Generation Z — the generation born after 1995 and entering the workforce today — is unlike any other. As a generation born with immediate internet access and smartphones, they’re tech-savvy, of course, but there’s more: Gen Z is also deeply concerned with diversity, work-life balance and a bevy of different work-related issues other generations might not have cared as much about.
As an employer, it’s important to understand this generation to attract its top talent. So, here are a few facts you need to know before you interview, and one day hire, anyone from Generation Z. Want to put your knowledge to the test? Take our quiz, 14 Work Predictions Every Recruiter Should Know.
1. They’re Tuned Into Tech
While millennials are fluent in tech, Gen Z takes tech knowledge to a whole new level — they can’t even remember a time without the internet or a smartphone. They also grew up alongside social media in its many forms. Because they’ve lived in a highly-connected world, they’re used to finding and digesting new information constantly, which can make them excellent multitaskers.
As an employer, it might be annoying to see them constantly plugged in, but remember — they can process information quickly in a way that non-digital natives can’t, so it's not all bad.
2. They Care About Culture
While salary and benefits are important to Gen Z, what may be more important is whether they fit within a company’s culture. They want a pleasant, meaningful day-to-day experience — not just a livable wage and access to health insurance. They also want to know they’re making a difference: 60 percent say they want to have a positive impact on the world — and they’d like to have it through your company, if at all possible. So, to attract this generation, it’s crucial to show how your organization it contributing to something meaningful, and communicating that mission clearly on your company website and on your Glassdoor profile’s “Why Work With Us” section.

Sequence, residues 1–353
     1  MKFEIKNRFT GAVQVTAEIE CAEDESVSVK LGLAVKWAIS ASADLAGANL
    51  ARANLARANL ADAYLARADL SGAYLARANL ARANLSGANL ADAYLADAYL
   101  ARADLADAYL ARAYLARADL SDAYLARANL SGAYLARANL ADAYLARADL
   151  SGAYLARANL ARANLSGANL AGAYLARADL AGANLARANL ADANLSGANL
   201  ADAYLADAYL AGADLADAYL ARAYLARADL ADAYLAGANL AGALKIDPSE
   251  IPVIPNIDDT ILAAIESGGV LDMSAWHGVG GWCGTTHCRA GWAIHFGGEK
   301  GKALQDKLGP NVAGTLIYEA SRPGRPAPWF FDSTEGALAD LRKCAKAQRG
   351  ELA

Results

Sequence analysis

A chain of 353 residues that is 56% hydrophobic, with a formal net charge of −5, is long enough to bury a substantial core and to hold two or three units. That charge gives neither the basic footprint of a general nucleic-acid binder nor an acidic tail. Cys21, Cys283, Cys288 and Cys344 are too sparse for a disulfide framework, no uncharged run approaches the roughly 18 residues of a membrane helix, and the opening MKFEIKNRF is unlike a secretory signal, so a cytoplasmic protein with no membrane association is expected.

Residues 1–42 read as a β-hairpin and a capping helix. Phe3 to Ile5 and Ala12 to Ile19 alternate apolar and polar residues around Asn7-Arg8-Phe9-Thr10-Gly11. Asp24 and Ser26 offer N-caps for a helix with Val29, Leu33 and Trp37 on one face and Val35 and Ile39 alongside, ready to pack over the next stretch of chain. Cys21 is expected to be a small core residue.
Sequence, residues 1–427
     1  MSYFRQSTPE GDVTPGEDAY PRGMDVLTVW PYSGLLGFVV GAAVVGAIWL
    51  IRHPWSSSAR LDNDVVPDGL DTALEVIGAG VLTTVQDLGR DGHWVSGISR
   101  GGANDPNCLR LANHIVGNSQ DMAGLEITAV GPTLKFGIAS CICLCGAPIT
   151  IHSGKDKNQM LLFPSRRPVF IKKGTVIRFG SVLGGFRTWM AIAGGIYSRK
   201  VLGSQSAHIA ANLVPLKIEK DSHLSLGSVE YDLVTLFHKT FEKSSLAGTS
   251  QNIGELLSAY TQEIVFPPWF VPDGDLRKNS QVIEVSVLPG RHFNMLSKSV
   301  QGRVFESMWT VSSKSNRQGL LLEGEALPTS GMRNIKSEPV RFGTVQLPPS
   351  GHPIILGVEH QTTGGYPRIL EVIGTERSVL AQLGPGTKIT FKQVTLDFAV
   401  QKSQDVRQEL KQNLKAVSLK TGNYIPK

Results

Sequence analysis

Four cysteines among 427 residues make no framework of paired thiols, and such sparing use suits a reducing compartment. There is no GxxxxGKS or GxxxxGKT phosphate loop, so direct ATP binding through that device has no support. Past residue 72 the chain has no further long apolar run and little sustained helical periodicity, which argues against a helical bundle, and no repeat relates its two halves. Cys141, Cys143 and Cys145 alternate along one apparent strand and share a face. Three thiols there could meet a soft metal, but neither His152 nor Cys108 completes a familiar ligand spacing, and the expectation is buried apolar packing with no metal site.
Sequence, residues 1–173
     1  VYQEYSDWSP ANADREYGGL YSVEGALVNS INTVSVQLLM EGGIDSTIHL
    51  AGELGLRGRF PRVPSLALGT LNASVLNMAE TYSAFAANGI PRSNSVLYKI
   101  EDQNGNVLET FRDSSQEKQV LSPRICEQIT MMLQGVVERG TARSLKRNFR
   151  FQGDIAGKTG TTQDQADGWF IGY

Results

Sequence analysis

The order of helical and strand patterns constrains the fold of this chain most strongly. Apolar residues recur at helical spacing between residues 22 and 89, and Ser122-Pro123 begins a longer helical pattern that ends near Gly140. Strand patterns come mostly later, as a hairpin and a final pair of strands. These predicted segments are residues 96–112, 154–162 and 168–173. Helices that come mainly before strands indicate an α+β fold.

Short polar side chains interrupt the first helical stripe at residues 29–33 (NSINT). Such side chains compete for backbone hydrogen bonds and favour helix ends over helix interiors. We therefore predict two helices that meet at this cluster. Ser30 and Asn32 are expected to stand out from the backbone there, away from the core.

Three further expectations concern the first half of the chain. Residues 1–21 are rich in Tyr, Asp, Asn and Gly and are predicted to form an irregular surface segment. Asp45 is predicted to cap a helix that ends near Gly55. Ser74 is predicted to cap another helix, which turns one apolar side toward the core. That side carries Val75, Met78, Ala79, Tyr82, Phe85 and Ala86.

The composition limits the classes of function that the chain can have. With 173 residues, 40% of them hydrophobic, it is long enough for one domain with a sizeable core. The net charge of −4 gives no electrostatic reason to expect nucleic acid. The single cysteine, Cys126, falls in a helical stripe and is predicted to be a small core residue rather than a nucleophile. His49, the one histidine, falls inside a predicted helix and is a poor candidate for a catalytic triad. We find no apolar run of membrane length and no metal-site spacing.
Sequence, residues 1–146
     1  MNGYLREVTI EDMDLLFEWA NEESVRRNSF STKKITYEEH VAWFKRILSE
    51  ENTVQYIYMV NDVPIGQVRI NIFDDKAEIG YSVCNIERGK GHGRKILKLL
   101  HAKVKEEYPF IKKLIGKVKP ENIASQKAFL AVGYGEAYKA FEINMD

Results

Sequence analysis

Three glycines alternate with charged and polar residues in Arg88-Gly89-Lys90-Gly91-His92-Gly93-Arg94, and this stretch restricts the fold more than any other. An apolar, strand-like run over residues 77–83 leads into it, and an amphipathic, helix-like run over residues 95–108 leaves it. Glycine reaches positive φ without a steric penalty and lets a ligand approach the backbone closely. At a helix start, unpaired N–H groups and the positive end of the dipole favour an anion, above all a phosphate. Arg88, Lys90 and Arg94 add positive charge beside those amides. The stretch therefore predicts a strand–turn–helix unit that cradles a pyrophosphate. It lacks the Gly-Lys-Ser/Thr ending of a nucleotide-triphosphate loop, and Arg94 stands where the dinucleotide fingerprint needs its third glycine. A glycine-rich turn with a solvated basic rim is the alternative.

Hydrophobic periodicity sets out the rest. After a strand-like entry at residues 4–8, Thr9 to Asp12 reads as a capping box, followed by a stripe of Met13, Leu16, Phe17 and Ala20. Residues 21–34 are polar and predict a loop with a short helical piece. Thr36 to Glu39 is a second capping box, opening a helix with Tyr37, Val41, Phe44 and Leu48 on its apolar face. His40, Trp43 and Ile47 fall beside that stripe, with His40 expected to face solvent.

3. Diversity Is Normal to Them
For this generation, diversity is the rule, not the exception. In fact, Gen Z is incredibly diverse in itself: 48 percent of Gen Z-ers are non-Caucasian. They’re also more inclusive of LGBTQ people, with about one third identifying as non-heterosexual.
That’s good news for you: Highly inclusive organizations generate 1.4 times more revenue and are 120 percent more capable of meeting financial targets. You can appeal to, attract and even hire more of this diverse and inclusive generation by boosting your employer brand.
RELATED: What is Employer Branding?
4. They Want Work-Life Balance
Thanks in part to technology, the lines between work and home blurred. In fact, by 2028, 73 percent of all teams are expected to have remote workers. So, it should come as no surprise that a traditional 9-to-5 job doesn’t appeal to Gen Z. Instead, they see flexible work as more normal — and they are attracted to workplaces in which they can have the option to work remotely often. If you can allow talented people to customize their schedules and work remotely, you’ll attract Gen Z’s attention.